German Maastricht debt level for 2013 revised to €2.16 trillion or 76.9% of GDP

The 2014 autumn notification under the European budgetary surveillance procedure marked the first time in which Germany's general government debt was calculated on the basis of the European System of National and Regional Accounts (ESA 2010). The new figures show that the country's debt level as defined in the Maastricht Treaty amounted to a revised €2.159 trillion at the end of 2013, which is €12 billion higher than the level reported in the 2014 spring notification. However, since the nominal gross domestic product (GDP) reported by the Federal Statistical Office on 14 August 2014 is now likewise significantly higher on account of revisions, the debt-to-GDP ratio has shrunk by a total of 1.6 percentage points to 76.9%. 

One of the main reasons behind the upward revision of the absolute debt level was the change in the rules set out in the previous standards (ESA 95) defining the general government sector. On balance, the new rules tighten the requirements which public corporations need to meet in order to count as market producers and hence be classified outside the general government sector. The stricter rules requiring public corporations to demonstrate a cost coverage rate of at least 50% (a requirement that was already in place hitherto) have now been augmented by a number of additional qualitative criteria. These include assessing how much of a public corporation's output is sold to non-government entities, and how far it competes with private producers and, in adjusting its supply, it actually intends to generate long-term profits. Moreover, public sector holding corporations are classified to the general government sector provided they do not exercise independent control over their subsidiaries but act merely as a representative of a government shareholder. Rules dealing explicitly with government-owned "bad banks" have also been incorporated into the pan-European calculation standards, but they did not affect Germany because public sector resolution agencies had already been covered by the previous standards.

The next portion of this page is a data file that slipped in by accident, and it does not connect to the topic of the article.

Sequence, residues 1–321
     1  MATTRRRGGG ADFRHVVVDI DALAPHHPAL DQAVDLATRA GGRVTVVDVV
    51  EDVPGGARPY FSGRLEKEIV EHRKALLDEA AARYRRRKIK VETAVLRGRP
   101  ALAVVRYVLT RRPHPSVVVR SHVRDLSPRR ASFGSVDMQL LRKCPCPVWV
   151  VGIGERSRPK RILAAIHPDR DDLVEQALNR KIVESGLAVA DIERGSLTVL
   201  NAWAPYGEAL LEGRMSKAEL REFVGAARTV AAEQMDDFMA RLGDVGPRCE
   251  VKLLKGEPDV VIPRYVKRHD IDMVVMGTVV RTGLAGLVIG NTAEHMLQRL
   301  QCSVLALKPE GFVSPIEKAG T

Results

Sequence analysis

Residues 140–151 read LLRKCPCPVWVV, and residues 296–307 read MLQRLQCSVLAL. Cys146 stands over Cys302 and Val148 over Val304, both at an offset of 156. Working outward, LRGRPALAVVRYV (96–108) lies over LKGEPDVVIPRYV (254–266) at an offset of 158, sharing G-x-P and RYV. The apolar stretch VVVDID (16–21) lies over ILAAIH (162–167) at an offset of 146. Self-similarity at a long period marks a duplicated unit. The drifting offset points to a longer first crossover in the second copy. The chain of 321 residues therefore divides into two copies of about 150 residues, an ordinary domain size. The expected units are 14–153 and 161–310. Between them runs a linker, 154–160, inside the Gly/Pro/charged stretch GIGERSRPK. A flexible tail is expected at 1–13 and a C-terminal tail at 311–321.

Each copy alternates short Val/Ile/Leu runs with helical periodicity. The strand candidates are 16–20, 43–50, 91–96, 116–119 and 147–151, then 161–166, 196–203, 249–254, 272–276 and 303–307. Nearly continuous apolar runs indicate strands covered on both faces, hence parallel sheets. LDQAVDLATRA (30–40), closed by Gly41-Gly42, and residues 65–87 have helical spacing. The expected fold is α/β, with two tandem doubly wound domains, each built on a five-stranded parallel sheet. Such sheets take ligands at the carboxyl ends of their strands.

The transition to ESA 2010 and the resulting reclassification of public corporations to the general government sector has boosted Germany's debt level by just over €7 billion. An additional upward revision can largely be explained by the Federal Statistical Office's regular review of sector classifications, which saw the tighter new requirements for the necessary cost coverage rate being applied for the first time. This suggests that some of the increase may be attributable to the revised ESA calculation standards. 

Under the European budgetary surveillance procedure, European Union member states are required to submit data on their general government deficit and debt level to the European Commission twice a year (prior to 1 April and 1 October). For this purpose, the Federal Statistical Office calculates the Maastricht deficit, while the Bundesbank calculates the Maastricht debt level. The 2014 autumn notification was the first time in which all the member states of the European Union based their reported data on the new ESA 2010 standards. The outcome will be outlined in greater detail in a Eurostat press release on deficits and debt levels, which will be issued on 21 October 2014.

2014 autumn notification:       
Debt level (€ billion)1,5931,6601,7782,0672,0962,1742,159
as a percentage of GDP63.564.972.480.377.679.076.9
2014 spring notification:       
Debt level (€ billion)1,5841,6531,7712,0592,0882,1612,147
as a percentage of GDP65.266.874.682.580.081.078.4